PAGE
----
In the dark days of mobile development, there were no app stores. Code had to be developed in cooperation with mobile carriers, using proprietary frameworks. Then came iOS, and then Android. Suddenly, everyone was developing mobile apps, and running across the same problems. Sounds like a good fit for open source!
Android, being Java-based, leverages decades of open source Java libraries. iOS has use of the rich set of C and C++ libraries. Both platforms have their own new frameworks and libraries that have been custom-tailored to provide new UI and functional capabilities as well. Even Microsoft’s mobile platforms can make use of the growing .NET open source repositories.
So, what are the best-in-class packages that every mobile developer should have in their belt? What ones are most sorely missing? And are there any special legal perils to using GPL (or other restrictive libraries) in mobile apps?
James Turner, contributing editor for oreilly.com, is a freelance journalist who has written for publications as diverse as the Christian Science Monitor, Processor, Linuxworld Magazine, Developer.com and WIRED Magazine. In addition to his shorter writing, he has also written two books on Java Web Development (MySQL & JSP Web Applications" and “Struts: Kick Start”) as well as the O’Reilly title “Developing Enterprise iOS Applications”. He is the former Senior Editor of LinuxWorld Magazine and Senior Contributing Editor for Linux Today. He has also spent more than 30 years as a software engineer and system administrator, and currently works as a Senior Software Engineer for a company in the Boston area. His past employers have included the MIT Artificial Intelligence Laboratory, Xerox AI Systems, Solbourne Computer, Interleaf, the Christian Science Monitor and contracting positions at BBN and Fidelity Investments. He is a committer on the Apache Jakarta Struts project and served as the Struts 1.1B3 release manager. He lives in a 200 year old Colonial farmhouse in Derry, NH along with his wife and son. He is an open water diver and instrument-rated private pilot, as well as an avid science fiction fan.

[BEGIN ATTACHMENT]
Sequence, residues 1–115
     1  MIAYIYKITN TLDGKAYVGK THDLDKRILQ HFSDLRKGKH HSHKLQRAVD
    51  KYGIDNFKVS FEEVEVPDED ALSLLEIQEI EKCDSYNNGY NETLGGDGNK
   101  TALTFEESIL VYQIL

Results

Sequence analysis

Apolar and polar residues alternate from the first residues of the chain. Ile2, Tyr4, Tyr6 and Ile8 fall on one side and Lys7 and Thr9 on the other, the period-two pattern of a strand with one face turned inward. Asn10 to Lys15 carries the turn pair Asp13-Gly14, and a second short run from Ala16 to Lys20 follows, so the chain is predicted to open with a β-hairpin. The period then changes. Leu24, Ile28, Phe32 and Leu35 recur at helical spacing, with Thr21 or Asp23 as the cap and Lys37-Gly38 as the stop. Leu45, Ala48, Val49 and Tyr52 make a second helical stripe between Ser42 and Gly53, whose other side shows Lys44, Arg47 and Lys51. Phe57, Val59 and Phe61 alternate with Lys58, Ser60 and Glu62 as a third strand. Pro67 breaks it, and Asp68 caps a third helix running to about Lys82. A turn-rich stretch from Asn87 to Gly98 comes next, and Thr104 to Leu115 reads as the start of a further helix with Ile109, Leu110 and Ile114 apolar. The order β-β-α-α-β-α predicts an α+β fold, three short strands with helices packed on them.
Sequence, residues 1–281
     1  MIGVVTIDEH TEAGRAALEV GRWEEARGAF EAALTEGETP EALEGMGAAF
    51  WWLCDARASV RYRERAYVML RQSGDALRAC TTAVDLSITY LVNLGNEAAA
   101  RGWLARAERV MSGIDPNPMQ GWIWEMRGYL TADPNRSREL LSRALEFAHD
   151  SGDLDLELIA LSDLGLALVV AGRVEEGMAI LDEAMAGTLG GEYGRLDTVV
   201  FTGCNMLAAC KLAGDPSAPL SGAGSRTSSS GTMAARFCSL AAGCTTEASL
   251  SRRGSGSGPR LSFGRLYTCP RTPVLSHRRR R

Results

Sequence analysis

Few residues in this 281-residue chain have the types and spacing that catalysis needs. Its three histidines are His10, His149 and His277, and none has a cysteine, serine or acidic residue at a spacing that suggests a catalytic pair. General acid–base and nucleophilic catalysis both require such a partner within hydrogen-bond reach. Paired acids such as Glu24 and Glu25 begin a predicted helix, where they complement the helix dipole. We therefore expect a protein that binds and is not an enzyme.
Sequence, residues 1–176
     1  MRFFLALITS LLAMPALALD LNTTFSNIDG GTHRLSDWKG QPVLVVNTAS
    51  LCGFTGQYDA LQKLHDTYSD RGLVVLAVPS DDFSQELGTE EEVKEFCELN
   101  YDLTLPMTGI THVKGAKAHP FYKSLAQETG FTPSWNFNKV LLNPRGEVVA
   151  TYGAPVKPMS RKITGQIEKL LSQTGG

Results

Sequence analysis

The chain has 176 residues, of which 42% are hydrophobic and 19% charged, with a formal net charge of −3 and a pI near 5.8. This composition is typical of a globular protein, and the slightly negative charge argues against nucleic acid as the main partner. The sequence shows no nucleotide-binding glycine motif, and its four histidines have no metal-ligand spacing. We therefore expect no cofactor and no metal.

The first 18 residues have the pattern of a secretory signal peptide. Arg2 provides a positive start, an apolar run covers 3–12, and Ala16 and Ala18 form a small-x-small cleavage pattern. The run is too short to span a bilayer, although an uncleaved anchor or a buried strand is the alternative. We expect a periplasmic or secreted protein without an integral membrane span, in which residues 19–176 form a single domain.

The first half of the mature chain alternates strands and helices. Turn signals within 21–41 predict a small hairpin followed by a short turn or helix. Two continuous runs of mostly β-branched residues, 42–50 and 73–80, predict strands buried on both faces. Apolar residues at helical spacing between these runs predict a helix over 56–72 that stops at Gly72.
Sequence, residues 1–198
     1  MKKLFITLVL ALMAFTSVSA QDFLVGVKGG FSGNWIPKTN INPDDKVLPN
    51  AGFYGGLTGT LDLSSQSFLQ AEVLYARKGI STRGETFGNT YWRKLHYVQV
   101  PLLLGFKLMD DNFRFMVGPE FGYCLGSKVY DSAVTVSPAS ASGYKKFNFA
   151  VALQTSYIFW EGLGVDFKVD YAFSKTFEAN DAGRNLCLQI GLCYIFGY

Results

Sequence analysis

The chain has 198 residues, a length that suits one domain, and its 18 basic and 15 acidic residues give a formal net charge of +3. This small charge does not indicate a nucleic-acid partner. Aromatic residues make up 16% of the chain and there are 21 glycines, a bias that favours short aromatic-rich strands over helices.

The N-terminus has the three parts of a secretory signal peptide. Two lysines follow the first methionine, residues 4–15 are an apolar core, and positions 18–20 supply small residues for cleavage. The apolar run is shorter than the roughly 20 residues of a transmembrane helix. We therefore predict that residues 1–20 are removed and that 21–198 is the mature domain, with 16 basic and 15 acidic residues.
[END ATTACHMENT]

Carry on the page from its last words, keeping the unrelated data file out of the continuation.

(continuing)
Alasdair Allan is a scientist, author, hacker, tinkerer, and journalist who has recently been spending a lot of time thinking about the Internet of Things, which he thinks is broken. He is the author of a number of books and sometimes also stands in front of cameras. You can often find him at conferences talking about interesting things or deploying sensors to measure them. A couple of years ago he rolled out a mesh network of five hundred sensor motes covering the entirety of Moscone West during Google I/O. He’s still recovering. A few years before that, he caused a privacy scandal by uncovering that your iPhone was recording your location all the time, which caused several class-action lawsuits and a US Senate hearing. Some years on, he still isn’t sure what to think about that.
Alasdair sporadically writes blog posts about things that interest him or, more frequently, provides commentary in 140 characters or less. He is a contributing editor for Make magazine and a contributor to O’Reilly Radar. Alasdair is a former academic. As part of his work, he built a distributed peer-to-peer network of telescopes that, acting autonomously, reactively scheduled observations of time-critical events. Notable successes included contributing to the detection of what was—at the time—the most distant object yet discovered, a gamma-ray burster at a redshift of 8.2.
Joe is the creator of PhoneGap for Android and is the longest contributing committer to the PhoneGap and Apache Cordova projects respectively. When he is not contributing to Open Source at Adobe, he spends his spare time working on various hardware projects at home, as well as at the Vancouver Hack Space, which he co-founded.
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